In the “Trace” tab, enter the correct CPU Core Clock speed as specified in your project. Check the Trace Enable box. Trace allows you to view printf messages via SWO(single wire output) which is a single pin, asynchronous serial communication channel available on Cortex-M3/M4/M7 and supported by the main debugger probes. This feature is similar to Arduino’s “Serial.printf” function to print out debug information except at no cost of a UART port.
In the “Flash Download” tab add the “STM32F4xx Flash” programming algorithm so you can download the binary to its flash memory.
Now confirm the changes and close the “Options for Target” window.
Configure to run at 168MHz
There is one more step to configure the microcontroller to run at 168MHz in its startup file.
The easy way is to replace my startup file from the GitHub with yours while some points worth mentioning to learn how microcontroller system clock works in general.
We need to set ‘PLL_M’ parameter to 8 in order to have the finally 168MHz system clock.
Pretty Little Liars abbreviated as PLL, wait, I mean phase lock loop is a clock generation engine in the microcontroller which is used to generate the clock speed much higher than the internal or external crystal frequency. If you have played with Arduino board such as the Leonardo, you have already met PLL, even though your Arduino code is running at 16MHz system clock but its USB2.0 bus has a boosted 48MHz from its on-chip PLL. With our PLL parameters set, here is a diagram of the overall clock configuration for STM32F4. It shows how the 168Mhz system clock is derived from the initial 8MHz high speech external(HSE) clock.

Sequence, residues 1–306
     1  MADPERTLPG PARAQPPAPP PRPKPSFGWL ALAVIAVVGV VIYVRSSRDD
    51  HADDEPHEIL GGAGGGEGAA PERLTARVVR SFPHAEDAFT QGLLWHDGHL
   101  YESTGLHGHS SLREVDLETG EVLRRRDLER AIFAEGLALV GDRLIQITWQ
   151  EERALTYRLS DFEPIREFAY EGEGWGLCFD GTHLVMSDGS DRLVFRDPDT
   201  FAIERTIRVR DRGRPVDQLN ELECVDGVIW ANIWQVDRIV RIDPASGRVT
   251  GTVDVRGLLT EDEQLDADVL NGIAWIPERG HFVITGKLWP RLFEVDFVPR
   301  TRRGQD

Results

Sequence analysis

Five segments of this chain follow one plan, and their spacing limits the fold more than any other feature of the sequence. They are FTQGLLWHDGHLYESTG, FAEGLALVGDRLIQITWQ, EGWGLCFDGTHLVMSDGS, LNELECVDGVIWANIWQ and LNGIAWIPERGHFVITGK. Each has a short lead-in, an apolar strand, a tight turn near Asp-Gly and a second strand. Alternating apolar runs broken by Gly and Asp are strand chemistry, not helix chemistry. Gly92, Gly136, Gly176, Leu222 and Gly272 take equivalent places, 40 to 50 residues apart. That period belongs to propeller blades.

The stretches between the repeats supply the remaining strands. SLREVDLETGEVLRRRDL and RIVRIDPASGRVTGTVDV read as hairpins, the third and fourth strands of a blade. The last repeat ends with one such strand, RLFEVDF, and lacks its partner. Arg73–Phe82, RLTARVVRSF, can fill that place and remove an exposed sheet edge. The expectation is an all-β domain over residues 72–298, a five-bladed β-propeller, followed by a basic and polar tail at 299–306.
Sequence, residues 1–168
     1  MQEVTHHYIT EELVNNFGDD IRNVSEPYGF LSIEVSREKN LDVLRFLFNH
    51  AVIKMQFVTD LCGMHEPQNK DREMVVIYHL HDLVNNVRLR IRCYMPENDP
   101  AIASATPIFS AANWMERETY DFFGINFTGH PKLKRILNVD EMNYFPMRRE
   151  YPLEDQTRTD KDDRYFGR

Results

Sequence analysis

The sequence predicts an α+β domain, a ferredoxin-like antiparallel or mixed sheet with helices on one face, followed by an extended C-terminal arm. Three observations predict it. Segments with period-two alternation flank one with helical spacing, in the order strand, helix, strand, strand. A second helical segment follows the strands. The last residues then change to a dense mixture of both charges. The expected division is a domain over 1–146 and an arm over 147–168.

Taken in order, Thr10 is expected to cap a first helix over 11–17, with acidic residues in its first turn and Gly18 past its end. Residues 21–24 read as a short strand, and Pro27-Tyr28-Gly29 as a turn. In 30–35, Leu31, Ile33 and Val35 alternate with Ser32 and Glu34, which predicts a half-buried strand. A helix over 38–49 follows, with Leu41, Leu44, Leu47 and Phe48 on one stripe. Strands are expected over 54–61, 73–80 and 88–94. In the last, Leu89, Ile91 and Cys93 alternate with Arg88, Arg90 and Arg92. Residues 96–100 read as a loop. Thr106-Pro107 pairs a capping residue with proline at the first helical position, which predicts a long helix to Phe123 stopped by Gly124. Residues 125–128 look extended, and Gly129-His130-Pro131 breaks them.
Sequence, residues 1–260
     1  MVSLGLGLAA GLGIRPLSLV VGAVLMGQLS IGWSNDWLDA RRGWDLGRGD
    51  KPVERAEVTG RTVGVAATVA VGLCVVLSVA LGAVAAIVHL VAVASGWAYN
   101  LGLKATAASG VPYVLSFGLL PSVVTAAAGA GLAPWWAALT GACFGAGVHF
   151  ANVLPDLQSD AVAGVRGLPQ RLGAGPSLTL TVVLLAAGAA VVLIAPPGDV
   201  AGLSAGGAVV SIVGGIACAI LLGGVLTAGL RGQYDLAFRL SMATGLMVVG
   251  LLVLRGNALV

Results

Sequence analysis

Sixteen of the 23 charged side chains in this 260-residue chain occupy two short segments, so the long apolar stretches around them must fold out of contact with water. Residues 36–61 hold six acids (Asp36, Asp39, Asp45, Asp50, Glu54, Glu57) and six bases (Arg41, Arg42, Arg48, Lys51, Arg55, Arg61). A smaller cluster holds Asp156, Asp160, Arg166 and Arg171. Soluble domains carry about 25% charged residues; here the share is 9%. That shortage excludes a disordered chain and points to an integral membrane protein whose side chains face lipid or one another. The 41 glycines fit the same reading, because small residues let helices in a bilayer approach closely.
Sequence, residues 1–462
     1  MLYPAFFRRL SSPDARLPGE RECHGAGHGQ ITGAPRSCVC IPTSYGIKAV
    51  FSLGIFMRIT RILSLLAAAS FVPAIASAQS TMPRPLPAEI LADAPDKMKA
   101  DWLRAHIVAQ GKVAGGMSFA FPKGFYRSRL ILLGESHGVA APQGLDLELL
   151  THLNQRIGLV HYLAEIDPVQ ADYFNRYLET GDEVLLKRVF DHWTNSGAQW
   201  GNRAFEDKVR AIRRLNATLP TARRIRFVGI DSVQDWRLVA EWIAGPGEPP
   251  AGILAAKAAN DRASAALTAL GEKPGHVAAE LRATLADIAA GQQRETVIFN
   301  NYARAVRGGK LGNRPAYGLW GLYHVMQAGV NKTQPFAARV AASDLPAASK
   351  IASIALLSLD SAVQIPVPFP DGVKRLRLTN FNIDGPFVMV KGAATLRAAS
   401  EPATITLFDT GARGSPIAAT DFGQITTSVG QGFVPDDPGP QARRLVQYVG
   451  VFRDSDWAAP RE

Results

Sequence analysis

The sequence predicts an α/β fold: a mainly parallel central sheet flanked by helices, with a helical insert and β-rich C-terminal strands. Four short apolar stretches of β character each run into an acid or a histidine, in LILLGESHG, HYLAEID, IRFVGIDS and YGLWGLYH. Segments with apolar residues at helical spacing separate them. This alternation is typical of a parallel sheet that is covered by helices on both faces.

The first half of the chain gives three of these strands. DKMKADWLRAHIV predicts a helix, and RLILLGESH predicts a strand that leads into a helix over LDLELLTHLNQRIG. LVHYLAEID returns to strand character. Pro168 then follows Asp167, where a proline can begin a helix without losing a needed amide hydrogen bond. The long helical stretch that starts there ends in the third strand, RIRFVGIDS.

Build and debug
Now we are ready, with the board connected to your PC, just build and debug the application.
Enable the trace view of the printf messages and run the code, you will see the output of the CIFAR10 model.
With a 32×32 pixel color image as the input, which then been classified into one of the 10 output classes by the model.
As the value is the output of the softmax layer, each number denotes the probability for one of the 10 image classes. In the following case, label 5 corresponds to the “dog” label has the highest number which means the model found a dog in the input image.
In the next section, I will show you how to feed the model with your custom image.
Create new input images
IMG_DATA in arm_nnexamples_cifar10_inputs.h defines the input image data. The image array is stored as HWC format or Height-Width-Channel, a 32×32 RGB color image with 32 x 32 x 3 = 3072 values.
Can we have a higher resolution image as input? Yes, but that image must be resized and cropped first which can be achieved with the following python snippet.
The function will return a numpy array containing 3072 numbers which will then be clipped to int8 numbers and write to a header file in the correct format.
Summary and further reading
Want a step down the source code and learn how everything works? That will be my next blog post.
In the meanwhile, here are some resources I find useful to learn about ARM Cortex-M microcontrollers, STM32, CMSIS-NN, and Keil-MDK, etc.
Don’t forget to check out the source code from my GitHub page.
Originally published at www.dlology.com.
Source: Deep Learning on Medium